What are energy efficient light bulbs?
Beginning in January of 2012, the Energy Independence and Security Act began phasing out incandescent light bulbs, and by 2014, your high wattage light bulbs will be a thing of the past (visit EnergyStar.com for more info). Why are incandescent bulbs being phased out? Here’s why:
These are the ‘old’ kind of light bulbs that use a tungsten filament inside a glass bulb. These bulbs use a lot of energy (in wattage) compared to the compact fluorescent bulbs and LED lights that are replacing them. They are breakable and they also produce a lot of heat as the electricity heats up the tungsten filament. Up to 90% of the energy utilized is producing heat, not light, costing more in air conditioning costs in the summer.
Let’s say you use incandescent bulbs that use 60 watts of energy per hour. If you home has 45 light bulbs and they are each left on for only 4 hours in the day (45 x 60 x 4), that’s 10,800 watt hours used each day, or 324 kWh hours used each month. If you spend 0.10 cents for each kilowatt (1000 watts) hour you use, then that’s 32 dollars you pay each month for electricity – and that’s just the light bulbs!
So what are energy efficient light bulbs? Lets first take a look at the CFL bulb.
CFL (Compact fluorescent lights) bulbs:
CFL light bulbs are those sturdy, twisty bulbs that also come in a variety of shapes and sizes suitable for their placement. In CFL bulbs, light is created by a chemical reaction that makes phosphorous illuminate. They do not heat up as much and are 75% more efficient than incandescent light bulbs. You can get the same amount of light that a 100 watt incandescent can give, but for much less wattage, saving energy and money. You can also get CFL light bulbs that have a warm glowing light like the incandescent bulbs do, instead of the bright bluish light that they are often associated with. They are also more durable and do not break as easily as the thin glass bulbs. They are a little more expensive than incandescent bulbs, but last up to ten times as long and require less energy, saving money in the long run.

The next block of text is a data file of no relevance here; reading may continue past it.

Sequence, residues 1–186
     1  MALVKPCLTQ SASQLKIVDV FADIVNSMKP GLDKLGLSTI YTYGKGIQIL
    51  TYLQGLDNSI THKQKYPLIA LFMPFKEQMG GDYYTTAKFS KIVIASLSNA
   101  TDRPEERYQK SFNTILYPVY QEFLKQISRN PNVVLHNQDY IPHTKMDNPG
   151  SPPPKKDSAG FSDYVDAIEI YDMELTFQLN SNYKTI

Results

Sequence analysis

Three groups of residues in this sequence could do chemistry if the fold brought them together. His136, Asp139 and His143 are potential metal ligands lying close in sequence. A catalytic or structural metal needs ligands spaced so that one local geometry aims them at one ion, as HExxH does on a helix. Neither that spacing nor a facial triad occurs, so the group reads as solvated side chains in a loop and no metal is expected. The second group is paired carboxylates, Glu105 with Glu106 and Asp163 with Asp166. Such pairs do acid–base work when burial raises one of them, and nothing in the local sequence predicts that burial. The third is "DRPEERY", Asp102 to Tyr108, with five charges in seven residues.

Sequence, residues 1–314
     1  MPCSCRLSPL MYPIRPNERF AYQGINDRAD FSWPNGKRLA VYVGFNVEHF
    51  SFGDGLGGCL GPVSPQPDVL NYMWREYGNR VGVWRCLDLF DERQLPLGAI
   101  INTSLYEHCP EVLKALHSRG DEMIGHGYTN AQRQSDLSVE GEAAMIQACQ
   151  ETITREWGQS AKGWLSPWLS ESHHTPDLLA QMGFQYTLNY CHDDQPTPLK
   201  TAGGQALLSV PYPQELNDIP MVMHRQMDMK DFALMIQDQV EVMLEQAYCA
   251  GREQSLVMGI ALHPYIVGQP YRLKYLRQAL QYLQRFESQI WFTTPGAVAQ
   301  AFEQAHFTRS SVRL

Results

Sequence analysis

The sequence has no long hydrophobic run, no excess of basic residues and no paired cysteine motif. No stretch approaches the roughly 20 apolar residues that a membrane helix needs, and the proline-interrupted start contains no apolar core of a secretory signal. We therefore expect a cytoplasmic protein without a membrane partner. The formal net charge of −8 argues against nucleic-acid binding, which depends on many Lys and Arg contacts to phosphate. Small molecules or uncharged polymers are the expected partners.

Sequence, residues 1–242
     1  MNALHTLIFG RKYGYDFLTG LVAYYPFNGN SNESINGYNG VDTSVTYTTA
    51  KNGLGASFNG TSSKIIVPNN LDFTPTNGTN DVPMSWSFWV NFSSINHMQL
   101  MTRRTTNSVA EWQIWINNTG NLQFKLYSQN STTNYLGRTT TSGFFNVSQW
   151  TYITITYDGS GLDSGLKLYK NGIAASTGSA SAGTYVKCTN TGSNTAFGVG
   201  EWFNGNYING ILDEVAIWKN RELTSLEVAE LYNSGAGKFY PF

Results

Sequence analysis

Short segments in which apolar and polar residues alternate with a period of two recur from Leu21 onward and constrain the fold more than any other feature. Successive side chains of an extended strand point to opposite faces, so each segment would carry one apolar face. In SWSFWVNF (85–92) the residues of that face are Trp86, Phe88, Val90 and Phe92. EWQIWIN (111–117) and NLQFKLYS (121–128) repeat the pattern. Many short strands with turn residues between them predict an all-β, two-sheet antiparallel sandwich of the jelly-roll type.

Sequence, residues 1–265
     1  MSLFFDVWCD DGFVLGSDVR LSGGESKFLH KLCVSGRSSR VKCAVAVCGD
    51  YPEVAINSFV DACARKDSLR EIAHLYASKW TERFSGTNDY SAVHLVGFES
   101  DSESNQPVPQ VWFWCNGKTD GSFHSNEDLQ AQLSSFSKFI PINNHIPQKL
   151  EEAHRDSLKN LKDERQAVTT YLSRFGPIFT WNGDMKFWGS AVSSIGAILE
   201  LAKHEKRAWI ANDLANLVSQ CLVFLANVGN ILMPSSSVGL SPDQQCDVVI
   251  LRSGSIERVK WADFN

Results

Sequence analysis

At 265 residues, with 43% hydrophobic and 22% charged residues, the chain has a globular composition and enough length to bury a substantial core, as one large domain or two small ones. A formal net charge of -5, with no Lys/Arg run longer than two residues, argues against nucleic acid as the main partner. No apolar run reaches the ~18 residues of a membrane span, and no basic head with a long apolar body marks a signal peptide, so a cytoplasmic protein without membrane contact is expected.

Here is a chart showing the amount of wattage a CFL bulb needs compared to an incandescent of the same amount of light.
Compact fluorescent light bulbs should be used in areas where light is needed for a long time. Their lifetime tends to decrease if turned on and off a lot, so avoid using them in closets or bathrooms where light is only needed for a short amount of time. LED lights work best in these areas.
You can purchase a wide variety of CFL bulbs at Amazon.com – CFL Light Bulbs
LED (Light emitting diode) bulbs :
Originally used for lighting buttons and to provide direct light to a small area, LED technology has advanced to where LED lighting can be used to light an entire area. They can also make them produce a warmer light, instead of the bright blue light. In LED lights, light comes from electrons moving through a semiconductor material. They do not heat up and are even more durable than CFL bulbs. They can be used for directional lighting, such as recessed lighting, or for illuminating a room. They are more efficient and last longer than CFL light bulbs. They can be expensive, but costs are dropping as production get more efficient. But with the energy savings, they pay for themselves.
Here is a comparison of wattages needed for each type of bulb that produces the same amount of light:
|Incandescent Watts||CFL Watts||LED Watts|
As you can see, LED lighting will provide the most energy savings in the home. Lets look at the scenario again where we looked at the number of bulbs in a home (45), the time they were on (4 hours), and the wattages (60) for each bulb. If you replaced each bulb with either a CFL or an LED light, it would result in a huge amount of savings on your electric bill!
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